University of Edinburgh and Colaisde Bheinn na Faoghla
Scottish Gaelic (ScG), along with Irish and Manx, is a member of the Goidelic branch of the Celtic family of Indo-European languages. At its peak of influence around 1000AD, it was undoubtedly the national language of Scotland, but ever since, its fate has been one of gradual decline. Today, the Gaidhealtachd or Gaelic-speaking region is confined to the islands off the west coast of the country, aside from small pockets dotted throughout the northern and western Highlands. Although now spoken by only slightly more than 1% (65,978) of the country's population, it has had a rich influence on Scotland's history, toponymy, art, literature and national folklore.
Scottish Gaelic has received much prior linguistic attention for its complex phonology (one dialect distinguishing at least 5 different lateral approximates), its system of consonant mutations, and its rich dialectal variation. However, relatively little has been published on its syntax. It is a dependent-marking, nominative-accusative VSO language . The verbal system tends to be agglutinating while the nominal system is somewhat fusional. Pronominal forms are especially notable in this regard, with a large proliferation of 'prepositional-pronouns' evincing different forms according to person, number, and gender. There are two genders (M&F), three numbers (Sing., Pl., and dual) and four cases extant in the language. Stem modification and suppletion are common morphological processes. Distinctions of mood, aspect, and voice tend to be made periphrastically, employing a combination of verbal particles, auxiliaries and 'verbal-nouns' that can function differently depending upon their syntactic status.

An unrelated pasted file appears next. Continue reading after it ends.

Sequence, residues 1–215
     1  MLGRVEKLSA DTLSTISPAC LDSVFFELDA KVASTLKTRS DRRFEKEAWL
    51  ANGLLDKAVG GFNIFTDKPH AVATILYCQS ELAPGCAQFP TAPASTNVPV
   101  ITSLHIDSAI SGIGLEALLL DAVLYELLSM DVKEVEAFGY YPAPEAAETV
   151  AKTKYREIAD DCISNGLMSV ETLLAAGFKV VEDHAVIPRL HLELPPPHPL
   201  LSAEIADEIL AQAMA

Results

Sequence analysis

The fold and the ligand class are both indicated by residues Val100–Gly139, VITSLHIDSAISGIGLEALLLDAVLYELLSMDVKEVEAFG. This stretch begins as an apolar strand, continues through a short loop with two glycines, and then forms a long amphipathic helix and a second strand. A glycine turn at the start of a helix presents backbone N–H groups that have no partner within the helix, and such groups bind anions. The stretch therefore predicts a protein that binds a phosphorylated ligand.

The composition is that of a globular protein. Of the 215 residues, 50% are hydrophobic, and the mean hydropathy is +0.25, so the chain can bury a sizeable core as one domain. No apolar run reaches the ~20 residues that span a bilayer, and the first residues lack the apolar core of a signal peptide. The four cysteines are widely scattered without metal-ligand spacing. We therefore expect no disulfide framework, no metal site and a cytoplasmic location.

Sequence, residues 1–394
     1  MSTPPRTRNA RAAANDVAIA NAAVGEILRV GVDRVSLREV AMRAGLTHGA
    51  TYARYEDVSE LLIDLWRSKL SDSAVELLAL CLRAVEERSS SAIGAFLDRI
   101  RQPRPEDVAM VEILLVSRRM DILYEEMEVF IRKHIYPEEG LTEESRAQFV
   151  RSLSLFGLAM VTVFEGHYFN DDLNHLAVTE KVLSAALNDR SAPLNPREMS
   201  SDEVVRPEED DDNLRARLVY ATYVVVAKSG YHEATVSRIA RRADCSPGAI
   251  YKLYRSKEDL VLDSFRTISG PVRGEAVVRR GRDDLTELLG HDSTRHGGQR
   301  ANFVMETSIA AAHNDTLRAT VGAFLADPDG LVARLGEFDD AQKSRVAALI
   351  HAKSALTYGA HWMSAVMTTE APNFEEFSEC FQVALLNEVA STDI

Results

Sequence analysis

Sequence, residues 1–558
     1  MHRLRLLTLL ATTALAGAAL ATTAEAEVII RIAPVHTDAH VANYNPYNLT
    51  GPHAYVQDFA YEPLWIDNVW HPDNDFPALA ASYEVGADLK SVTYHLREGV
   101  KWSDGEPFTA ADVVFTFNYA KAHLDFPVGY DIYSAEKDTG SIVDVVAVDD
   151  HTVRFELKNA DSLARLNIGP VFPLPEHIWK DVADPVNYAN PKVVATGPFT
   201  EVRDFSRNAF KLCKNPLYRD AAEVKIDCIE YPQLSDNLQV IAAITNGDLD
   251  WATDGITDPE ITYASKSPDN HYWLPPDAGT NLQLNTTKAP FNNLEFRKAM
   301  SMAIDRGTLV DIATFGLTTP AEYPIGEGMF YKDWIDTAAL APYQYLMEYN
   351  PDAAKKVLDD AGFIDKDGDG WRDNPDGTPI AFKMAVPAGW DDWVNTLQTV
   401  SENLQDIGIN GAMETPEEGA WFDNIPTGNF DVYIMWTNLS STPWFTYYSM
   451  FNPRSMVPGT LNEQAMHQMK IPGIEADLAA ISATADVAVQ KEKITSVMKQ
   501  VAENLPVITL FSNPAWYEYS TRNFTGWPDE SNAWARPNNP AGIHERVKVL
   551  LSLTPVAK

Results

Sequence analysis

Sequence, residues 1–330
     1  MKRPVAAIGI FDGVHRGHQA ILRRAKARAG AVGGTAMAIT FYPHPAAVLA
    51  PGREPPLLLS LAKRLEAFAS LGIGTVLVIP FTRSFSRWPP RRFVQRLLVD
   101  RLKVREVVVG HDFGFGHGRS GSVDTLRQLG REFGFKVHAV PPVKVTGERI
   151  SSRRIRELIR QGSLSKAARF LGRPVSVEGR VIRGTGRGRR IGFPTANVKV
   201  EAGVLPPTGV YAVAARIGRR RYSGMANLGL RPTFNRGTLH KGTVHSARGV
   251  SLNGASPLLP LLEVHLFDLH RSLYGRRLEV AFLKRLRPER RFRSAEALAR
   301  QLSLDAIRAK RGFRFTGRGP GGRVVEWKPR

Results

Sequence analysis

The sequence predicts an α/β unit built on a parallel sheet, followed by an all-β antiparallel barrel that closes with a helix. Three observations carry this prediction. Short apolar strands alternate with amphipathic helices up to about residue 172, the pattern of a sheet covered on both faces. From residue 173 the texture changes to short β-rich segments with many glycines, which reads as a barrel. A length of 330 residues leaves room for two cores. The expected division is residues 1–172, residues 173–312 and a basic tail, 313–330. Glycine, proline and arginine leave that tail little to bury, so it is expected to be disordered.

Finally, the grammar ends with sections on discourse phenomena, interjections and exclamations, the influence of English, and a full oral folktale with interlinear translation.
This new grammar is the most up-to-date one available on the language. It includes many topics that have never, or only rarely, been dealt with in the available literature, for example information structure, complex clause formation, and descriptions of various types of discourse-related constructions. It has been informed by an ongoing corpus-based study of register variation in the language, highlighting some of the initial differences that have been found in this data set. It is fully-referenced throughout for further information on Gaelic grammar and sociolinguistics. Useful for the language learner, it also includes a glossary of the Gaelic words in the text and a statistically-derived list of the 100 most frequent words in the language with definitions.
ISBN 9783895867279. Languages of the World/Materials 401. 118pp. 2003.